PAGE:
California’s northern Central Coast, extending from the San Francisco Bay to Monterey County, is the focus this month as part of Wine Institute’s Wine Country Back Roads series. California is home to dozens of distinct wine regions, including some of the world’s most famous destinations. But hidden among even the high-profile appellations are the wine roads less traveled. These welcoming regions feature stunning rural scenery, delicious wines and, often, fewer visitors. There’s still plenty of time this summer to discover off-the-beaten path wine roads and regions, and the Central Coast is a great place to do it.

The entire Central Coast wine region and Santa Cruz Mountains stretches roughly 250 miles along the California coastline, extending from San Francisco County to Santa Barbara County. Grapes there are among the oldest in the state, planted by Franciscan monks in the late 18th century as they made their way north on El Camino Real (known today as Highway 101). Now hosting thousands of acres of vineyards and hundreds of wineries, California’s Central Coast and Santa Cruz Mountains are home to 14 percent of the state’s winegrapes.

TASTE: Not far from San Francisco, with its famously steep hills and Victorian architecture, you’ll find several hospitable wineries near the East Bay cities of Moraga, Oakland, Berkeley as well as Treasure Island to help you kick off your Central Coast adventure.

Nearby Livermore Valley, 35 miles east of San Francisco, is the one of the state’s oldest wine regions and the genetic source of 80 percent of California’s Chardonnay vines. Along with its iconic Chardonnay, Livermore is known for its Cabernet Sauvignon, as well as Italian, Rhone and Spanish varieties. Discover the region’s rolling hills and scenic canyons along the Burgundy Wine Trail, or enjoy mountain vistas on the Red Trail.

The Santa Clara Valley, also known today as Silicon Valley, includes more than 30 wineries, many clustered near Gilroy and San Martin. The Santa Cruz Mountains, west of Santa Clara Valley, was among the first American Viticultural Areas (AVAs) to be defined by its steep mountain topography. The area played a pivotal role in California’s winemaking history with viticultural roots going back more than a century. Zinfandel, Cabernet Sauvignon and Merlot predominate on the warmer eastern inland side of the AVA, while Pinot Noir thrives on the coastal side and ridge tops. The region boasts more than 60 wineries. For a scenic overview, try the Silicon Valley Wine Trail in the hillsides above Silicon Valley, or the coastal Corralitos Wine Trail, at the sunny, southern portion of the AVA.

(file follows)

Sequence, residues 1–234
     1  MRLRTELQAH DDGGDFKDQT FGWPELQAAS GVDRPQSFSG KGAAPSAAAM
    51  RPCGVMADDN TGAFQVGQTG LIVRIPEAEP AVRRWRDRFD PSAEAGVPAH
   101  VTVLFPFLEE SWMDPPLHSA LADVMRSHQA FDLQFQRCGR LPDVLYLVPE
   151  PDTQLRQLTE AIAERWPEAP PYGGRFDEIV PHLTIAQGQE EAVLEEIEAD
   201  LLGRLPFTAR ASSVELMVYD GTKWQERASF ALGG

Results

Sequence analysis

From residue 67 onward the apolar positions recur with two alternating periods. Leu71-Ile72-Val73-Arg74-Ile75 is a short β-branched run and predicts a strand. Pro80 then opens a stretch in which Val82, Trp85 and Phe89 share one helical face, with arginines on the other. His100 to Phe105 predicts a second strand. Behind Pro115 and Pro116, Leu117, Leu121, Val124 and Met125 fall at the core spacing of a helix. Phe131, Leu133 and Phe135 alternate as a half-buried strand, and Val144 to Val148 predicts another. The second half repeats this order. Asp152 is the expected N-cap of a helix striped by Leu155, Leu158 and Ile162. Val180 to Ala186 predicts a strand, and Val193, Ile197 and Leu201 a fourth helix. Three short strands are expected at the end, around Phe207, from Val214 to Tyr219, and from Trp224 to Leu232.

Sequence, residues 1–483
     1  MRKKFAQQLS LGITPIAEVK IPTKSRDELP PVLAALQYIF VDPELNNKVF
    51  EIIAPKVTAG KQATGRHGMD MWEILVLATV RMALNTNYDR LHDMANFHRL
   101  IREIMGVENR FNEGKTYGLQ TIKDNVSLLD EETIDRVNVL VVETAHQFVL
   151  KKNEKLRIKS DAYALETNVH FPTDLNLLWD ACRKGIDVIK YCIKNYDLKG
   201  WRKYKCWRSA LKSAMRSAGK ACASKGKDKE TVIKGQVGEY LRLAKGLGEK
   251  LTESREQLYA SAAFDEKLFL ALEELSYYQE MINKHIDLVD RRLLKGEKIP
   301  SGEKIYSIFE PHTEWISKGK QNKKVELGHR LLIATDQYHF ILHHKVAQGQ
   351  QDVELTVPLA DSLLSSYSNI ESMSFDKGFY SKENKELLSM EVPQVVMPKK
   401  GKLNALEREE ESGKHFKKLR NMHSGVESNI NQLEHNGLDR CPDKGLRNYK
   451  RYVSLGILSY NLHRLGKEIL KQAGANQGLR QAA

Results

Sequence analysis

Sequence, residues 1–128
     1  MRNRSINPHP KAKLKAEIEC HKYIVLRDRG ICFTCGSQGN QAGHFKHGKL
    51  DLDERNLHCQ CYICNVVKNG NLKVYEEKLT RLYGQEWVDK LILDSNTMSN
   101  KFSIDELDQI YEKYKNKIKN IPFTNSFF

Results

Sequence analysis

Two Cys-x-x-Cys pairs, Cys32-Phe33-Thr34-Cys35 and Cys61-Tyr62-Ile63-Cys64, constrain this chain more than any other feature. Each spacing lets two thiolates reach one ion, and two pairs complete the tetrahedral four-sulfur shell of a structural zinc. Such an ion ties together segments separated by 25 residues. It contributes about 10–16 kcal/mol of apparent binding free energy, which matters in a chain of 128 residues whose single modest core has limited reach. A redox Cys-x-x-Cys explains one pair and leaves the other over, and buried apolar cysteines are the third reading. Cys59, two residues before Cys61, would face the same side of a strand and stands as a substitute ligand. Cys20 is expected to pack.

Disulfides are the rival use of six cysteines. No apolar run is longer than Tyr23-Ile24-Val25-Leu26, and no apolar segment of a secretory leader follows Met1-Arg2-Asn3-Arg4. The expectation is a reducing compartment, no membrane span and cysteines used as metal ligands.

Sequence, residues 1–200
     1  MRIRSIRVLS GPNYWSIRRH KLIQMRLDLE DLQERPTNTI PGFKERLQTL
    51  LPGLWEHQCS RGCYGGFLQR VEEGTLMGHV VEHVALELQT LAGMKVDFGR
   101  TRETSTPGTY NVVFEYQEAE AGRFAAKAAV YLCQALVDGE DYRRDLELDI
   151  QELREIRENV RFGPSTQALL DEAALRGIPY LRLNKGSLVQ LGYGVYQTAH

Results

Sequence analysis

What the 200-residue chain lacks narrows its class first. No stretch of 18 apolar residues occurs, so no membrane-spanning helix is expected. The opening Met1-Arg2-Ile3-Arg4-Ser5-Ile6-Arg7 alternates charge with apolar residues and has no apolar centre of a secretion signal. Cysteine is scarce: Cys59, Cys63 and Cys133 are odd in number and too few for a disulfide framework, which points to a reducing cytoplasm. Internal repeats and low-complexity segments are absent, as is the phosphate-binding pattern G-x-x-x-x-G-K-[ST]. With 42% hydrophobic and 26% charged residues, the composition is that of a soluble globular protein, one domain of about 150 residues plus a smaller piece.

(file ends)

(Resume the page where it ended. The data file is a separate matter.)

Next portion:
San Benito County, set in an idyllic valley about 75 miles southeast of Santa Cruz, has been growing winegrapes since the mid-1800s, planted by French and German immigrants. The region grows a wide variety of grapes but is best known for Pinot Noir and Syrah. Find wineries near the towns of Hollister and San Juan Bautista.

Heading back to the coast, Monterey County is known or having one of California’s longest growing seasons, thanks to cool marine air that blows in from Monterey Bay. Franciscan friars introduced winegrapes to the area more than 200 years ago, and over 40 varieties are planted there today—including more Chardonnay than in any other county in America. Monterey is also well known for its cool-climate Pinot Noir. With eight distinctive AVAs within its borders and 82 wineries, Monterey offers an array of tasting opportunities. The River Road Wine Trail, set among the canyons and slopes of the Santa Lucia Highlands AVA, highlights Pinot Noir and Chardonnay, along with northern Rhône varieties such as Syrah. Beautiful Carmel Valley is renowned for producing rich, full-bodied Cabernet Sauvignon and Merlot.

TOUR: The Santa Cruz Mountains Wine Passport event on July 20 includes special tastings at more than 40 participating wineries. (As a bonus, passport experiences can be redeemed for a full year after the event.) The Santa Cruz Beach Boardwalk amusement park is nearby with its multiple attractions. Livermore Valley hosts Taste Our Terroir July 25-28, a four-day food and wine affair offering wine tasting adventures, garden tours, food pairing events, seminars, falcon demonstrations and more. Music in the vineyards is a Santa Clara specialty, with performances scheduled at individual wineries throughout the summer. While visiting San Benito County, take a hike among towering rock spires and observe falcons and golden eagles in flight at Pinnacles National Monument, formed by ancient volcanos. On Monterey’s Cannery Row, sample local wines at A Taste of Monterey and visit the world-famous Monterey Bay Aquarium or John Steinbeck Museum.